|Year : 2019 | Volume
| Issue : 2 | Page : 74-78
Preimplantation genetic testing for aneuploidy and subsequent blastocyst transfer improves pregnancy outcome in advanced maternal age patients
Beena Rawat, Surleen Kaur
Reproductive Medicine Unit, Ferticity Fertility Clinics, New Delhi, India
|Date of Submission||05-Nov-2019|
|Date of Acceptance||14-Nov-2019|
|Date of Web Publication||31-Jan-2020|
Dr. Surleen Kaur
Ferticity Fertility Clinics, 12, Navjeevan Vihar, Malviya Nagar, Delhi - 110 017
Source of Support: None, Conflict of Interest: None
Context: Advanced maternal age (AMA) is an important parameter that negatively influences the pregnancy rate in assisted reproductive technology because the rate of aneuploidy in the embryos increases with the patient age.
Aims: The aim of this study is to evaluate whether the transfer of an euploid embryo selected by preimplantation genetic testing for aneuploidy (PGT-A) would improve the pregnancy outcome in AMA patients.
Settings and Design: This was a retrospective controlled study.
Materials and Methods: A total of 250 patients who had undergone frozen transfers of day 5/6 blastocysts were recruited. Patients who had morphologically selected euploid blastocyst transfer were grouped under PGT-A (n = 47) and patients who had only morphologically selected blastocyst transfer were grouped under non-PGT-A (n = 203). The patients were further grouped as test group (AMA patients, ≥35 years of age) and control group (young patients, <35 years of age) in PGT-A and non-PGT-A arm. The comparison was performed between all of the groups. The primary outcome measure was serum beta-human chorionic gonadotropin level for pregnancy confirmation after 14 days of embryo transfer.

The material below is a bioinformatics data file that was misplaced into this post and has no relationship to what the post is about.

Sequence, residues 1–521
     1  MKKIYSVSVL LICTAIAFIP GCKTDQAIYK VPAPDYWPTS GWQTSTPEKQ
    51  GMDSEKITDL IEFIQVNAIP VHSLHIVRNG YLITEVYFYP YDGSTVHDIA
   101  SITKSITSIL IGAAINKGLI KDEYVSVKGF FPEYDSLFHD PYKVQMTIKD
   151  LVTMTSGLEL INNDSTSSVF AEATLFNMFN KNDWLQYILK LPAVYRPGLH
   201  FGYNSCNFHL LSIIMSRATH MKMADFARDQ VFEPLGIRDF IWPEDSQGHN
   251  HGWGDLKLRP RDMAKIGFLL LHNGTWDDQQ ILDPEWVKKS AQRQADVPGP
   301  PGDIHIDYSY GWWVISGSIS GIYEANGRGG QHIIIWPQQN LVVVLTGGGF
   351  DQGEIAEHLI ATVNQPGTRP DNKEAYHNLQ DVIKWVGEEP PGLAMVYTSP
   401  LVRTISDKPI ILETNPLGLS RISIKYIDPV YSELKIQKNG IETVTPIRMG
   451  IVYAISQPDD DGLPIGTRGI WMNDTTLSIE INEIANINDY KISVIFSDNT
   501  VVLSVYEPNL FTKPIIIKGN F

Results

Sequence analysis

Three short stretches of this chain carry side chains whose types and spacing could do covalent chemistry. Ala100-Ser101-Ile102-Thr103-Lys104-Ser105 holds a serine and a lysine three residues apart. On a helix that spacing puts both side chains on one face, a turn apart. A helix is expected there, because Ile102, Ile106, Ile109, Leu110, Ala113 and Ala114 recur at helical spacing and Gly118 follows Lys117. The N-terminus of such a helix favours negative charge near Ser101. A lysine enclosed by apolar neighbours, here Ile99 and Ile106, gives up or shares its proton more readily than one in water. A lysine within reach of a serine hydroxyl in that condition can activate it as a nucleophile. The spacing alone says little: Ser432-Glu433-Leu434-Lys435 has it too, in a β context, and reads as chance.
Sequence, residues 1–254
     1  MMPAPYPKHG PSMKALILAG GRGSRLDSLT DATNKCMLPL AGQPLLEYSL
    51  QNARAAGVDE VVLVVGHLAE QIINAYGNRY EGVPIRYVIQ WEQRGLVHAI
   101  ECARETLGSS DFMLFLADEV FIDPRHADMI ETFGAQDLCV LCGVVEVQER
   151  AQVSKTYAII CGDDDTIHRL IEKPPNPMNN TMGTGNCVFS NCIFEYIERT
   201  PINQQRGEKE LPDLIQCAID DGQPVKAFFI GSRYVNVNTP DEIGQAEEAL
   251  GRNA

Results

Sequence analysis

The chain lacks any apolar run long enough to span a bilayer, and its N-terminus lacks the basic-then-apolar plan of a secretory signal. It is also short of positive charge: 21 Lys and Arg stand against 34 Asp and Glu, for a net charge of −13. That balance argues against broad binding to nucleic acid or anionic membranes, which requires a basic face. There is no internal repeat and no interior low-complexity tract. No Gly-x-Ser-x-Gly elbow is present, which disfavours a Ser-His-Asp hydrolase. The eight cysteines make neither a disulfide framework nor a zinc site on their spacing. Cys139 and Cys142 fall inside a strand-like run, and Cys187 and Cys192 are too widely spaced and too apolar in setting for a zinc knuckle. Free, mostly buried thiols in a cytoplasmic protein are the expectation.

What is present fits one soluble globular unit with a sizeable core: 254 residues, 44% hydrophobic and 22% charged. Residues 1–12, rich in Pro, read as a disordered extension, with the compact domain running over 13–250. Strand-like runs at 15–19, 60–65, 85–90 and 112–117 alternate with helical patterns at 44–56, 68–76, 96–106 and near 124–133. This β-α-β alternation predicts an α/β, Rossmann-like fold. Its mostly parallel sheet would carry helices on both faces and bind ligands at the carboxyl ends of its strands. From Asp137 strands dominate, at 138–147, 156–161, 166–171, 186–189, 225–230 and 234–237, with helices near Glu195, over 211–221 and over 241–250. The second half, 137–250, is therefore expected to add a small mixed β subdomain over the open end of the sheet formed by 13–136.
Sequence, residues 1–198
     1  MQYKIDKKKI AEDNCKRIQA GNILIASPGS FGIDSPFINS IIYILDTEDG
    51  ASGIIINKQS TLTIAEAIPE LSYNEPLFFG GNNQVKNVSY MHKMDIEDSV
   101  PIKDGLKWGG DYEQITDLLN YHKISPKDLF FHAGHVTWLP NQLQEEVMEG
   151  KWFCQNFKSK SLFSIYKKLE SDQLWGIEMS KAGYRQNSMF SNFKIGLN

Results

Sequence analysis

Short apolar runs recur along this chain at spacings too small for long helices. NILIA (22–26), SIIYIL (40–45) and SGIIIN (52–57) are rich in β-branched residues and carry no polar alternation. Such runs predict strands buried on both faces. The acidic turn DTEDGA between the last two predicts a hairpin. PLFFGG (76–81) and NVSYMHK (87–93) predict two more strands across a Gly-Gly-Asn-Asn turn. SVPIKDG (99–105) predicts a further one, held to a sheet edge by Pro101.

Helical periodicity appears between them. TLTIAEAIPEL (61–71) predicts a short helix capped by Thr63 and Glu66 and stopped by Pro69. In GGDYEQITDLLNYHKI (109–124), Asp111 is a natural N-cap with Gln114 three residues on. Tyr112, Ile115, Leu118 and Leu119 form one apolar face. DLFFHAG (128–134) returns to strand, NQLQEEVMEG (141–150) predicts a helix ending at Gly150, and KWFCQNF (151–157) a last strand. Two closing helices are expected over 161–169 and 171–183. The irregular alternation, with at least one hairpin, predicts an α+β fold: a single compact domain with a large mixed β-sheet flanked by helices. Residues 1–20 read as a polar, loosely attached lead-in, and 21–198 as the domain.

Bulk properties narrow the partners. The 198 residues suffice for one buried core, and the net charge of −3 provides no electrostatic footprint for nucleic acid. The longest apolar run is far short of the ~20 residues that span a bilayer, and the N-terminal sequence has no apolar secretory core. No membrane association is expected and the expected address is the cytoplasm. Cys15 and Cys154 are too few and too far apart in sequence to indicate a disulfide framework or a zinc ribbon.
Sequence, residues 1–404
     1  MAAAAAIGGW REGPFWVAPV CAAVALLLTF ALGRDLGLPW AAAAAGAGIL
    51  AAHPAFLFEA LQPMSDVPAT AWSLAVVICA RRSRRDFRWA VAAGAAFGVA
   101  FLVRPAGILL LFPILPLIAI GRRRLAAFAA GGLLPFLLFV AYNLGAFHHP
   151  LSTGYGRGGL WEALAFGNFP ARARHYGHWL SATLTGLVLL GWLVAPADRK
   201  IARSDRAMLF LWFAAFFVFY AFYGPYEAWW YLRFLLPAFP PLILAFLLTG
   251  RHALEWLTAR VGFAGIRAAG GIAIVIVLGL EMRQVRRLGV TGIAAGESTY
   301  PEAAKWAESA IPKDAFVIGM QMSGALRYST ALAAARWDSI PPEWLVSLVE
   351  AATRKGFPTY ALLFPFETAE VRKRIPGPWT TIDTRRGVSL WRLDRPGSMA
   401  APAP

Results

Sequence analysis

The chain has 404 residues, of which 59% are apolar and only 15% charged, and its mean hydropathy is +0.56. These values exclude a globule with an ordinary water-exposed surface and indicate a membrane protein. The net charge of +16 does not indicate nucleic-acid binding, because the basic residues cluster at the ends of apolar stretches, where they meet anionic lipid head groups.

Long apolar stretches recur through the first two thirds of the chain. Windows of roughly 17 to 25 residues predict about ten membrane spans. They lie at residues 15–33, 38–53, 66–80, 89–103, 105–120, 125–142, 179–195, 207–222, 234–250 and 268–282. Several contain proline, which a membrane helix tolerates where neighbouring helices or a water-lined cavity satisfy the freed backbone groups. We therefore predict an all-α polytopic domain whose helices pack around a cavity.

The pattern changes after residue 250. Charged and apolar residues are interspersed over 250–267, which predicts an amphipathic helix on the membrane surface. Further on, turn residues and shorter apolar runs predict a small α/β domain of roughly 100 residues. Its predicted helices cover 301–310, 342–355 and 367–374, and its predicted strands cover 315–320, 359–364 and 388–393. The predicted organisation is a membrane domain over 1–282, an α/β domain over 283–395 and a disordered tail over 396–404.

Statistical Analysis Used: The Chi-square test was used to analyze pregnancy outcomes.
Results: Overall pregnancy rate was found to be significantly increased in the PGT-A group in comparison to the non-PGT-A group irrespective of the age (78.5% vs. 59.7%, P = 0.00001). No significant difference were observed in Young versus AMA group of PGT-A arm (79.2% vs. 77.8%, P = 0.62). Interestingly, the study showed a significant increase in the pregnancy outcome of the AMA patients of PGT-A group (77.8% vs. 57.8%, P = 0.002) as compared to the non-PGT-A group.
Conclusions:> The present study demonstrates that the transfer of PGT-A-selected euploid embryo significantly improves the pregnancy outcome in AMA patients.
Keywords: Advanced maternal age, assisted reproduction technology, frozen embryo transfer, preimplantation genetic testing of aneuploidy (PGT-A), trophectoderm biopsy
|How to cite this article:|
Rawat B, Kaur S. Preimplantation genetic testing for aneuploidy and subsequent blastocyst transfer improves pregnancy outcome in advanced maternal age patients. Onco Fertil J 2019;2:74-8
|How to cite this URL:|